In 1971, at the peak of the youth protests of the baby boom, the United States passed the 26th Amendment, lowering the voting age from 21 to 18. It was the fastest passage of any amendment in U.S history. Young people strongly supported the amendment because they believed that “if they were old enough to fight, they were old enough to vote”.
Flash forward to 2015, as the old saying goes – history repeats itself. Now the discussion is over the voices of 16 and 17 year olds.
Rapidly more and more nations are deciding to lower their voting age, as well. Some of these nations include Austria, Argentina, Brazil, Germany, and the UK. The United States, as a result, is catching up. Two Maryland cities have already granted municipal voting rights to 16 and 17 year olds, and there’s a recent push in San Francisco to follow their lead. Additionally, more than 15 states already allow 17 year olds to vote in primaries to nominate candidates for president, Congress, and governor. So, what are the pros and cons of taking this nationwide?
Teenagers spend more than half their day sitting in a class room, hearing about what their country is doing, what decisions their government is making, and how those decisions affect them, yet they don’t have an influential voice on those decisions.
It’s no surprise that, by lowering the voting age, 16 and 17 year olds have an opportunity to become more politically aware. A detailed study of voters’ ages and habits in Denmark found that 18 year olds were far more likely to cast their “first vote” than 19 year olds, and that every month of extra age in those years resulted in a decline in “first vote” turnout. Essentially, if you give a 16-year old a ballot, they might just vote. If you give a 19 year old a ballot, they might just lose it in their dorm rooms or try to trade it in for dining dollars. Getting young people to vote while still living in stable conditions (with their parents) may strengthen their willingness to vote as adults.
When considering lowering the voting age, one must consider what is really on the minds of teenagers around the country: Prom, high school, friends… and voting?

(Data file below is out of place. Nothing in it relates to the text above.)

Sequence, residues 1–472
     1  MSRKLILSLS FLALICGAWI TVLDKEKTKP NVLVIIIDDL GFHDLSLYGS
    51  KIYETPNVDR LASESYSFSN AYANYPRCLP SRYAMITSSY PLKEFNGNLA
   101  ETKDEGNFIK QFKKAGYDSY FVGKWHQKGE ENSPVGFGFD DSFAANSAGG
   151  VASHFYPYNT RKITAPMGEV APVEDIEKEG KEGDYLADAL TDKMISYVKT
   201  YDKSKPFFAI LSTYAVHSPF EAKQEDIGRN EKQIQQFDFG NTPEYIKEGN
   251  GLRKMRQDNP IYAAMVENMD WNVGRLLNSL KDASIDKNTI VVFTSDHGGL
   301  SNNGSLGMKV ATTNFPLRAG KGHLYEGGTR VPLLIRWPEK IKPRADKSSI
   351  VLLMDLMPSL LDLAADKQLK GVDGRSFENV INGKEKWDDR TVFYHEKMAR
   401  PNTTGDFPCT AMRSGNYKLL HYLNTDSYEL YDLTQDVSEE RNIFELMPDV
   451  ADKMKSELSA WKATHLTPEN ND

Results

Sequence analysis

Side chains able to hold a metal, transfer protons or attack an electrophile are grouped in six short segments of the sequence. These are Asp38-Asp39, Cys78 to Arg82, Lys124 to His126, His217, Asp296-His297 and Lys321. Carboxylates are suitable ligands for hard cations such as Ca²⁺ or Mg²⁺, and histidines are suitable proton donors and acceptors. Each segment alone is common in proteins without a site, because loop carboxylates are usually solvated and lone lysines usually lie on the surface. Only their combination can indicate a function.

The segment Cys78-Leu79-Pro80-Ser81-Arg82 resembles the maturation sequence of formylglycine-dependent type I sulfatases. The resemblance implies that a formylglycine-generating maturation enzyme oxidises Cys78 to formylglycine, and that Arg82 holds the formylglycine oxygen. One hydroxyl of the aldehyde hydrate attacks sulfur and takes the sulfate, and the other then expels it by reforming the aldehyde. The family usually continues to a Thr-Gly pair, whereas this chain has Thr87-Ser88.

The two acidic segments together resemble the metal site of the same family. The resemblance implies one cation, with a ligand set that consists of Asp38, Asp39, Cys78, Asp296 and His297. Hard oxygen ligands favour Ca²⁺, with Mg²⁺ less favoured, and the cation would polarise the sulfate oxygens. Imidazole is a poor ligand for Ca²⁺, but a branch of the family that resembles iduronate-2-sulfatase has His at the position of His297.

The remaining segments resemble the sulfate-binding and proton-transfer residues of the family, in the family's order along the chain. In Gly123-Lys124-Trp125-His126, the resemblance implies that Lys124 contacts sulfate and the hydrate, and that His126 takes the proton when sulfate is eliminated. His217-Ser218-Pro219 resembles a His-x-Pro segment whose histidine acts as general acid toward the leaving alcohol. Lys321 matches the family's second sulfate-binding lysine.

One of these things are not like the other.
Although there are some compelling reasons to consider lowering the voting age from 18, there are negative consequences for such an action, as well. First, one must ask if 16 or 17 year olds are at a point where they are mature enough to vote. Minors, according to current laws, are not yet mature enough to take part in consuming alcohol, tobacco products and make other important consent based decisions, they lack the “temperament”. In a sense, is voting any different?
According to the argument, due to their inexperience in the electorate they may also be easily swayed. Some believe young potential voters may be pressured to vote in certain ways due to the political beliefs of their teachers and parents. Therefore, they should have more time and experience to navigate the political landscape, time to craft their own political ideology, not just borrowing another’s. They could lack the independence and critical thinking skills to understand what is in their own best interest. They may find themselves at risk of being manipulated by other’s agendas.
Instead of what is the “cool” thing to do or wear, what your ballot could be the ticket into popularity.
That leads well into the question: are young people informed enough to vote? A democracy requires an engaged and informed electorate to thrive and 16 years olds are often under informed. Young people often are misinformed about the fundamental structure of government, and rarely keep up on current events. Holding off on voting may give them an advantage, by having more time to mature, and gain the adequate perspective to be responsible citizens.
So, now that you have heard two sides of the argument, what is your stance on this? Let us know!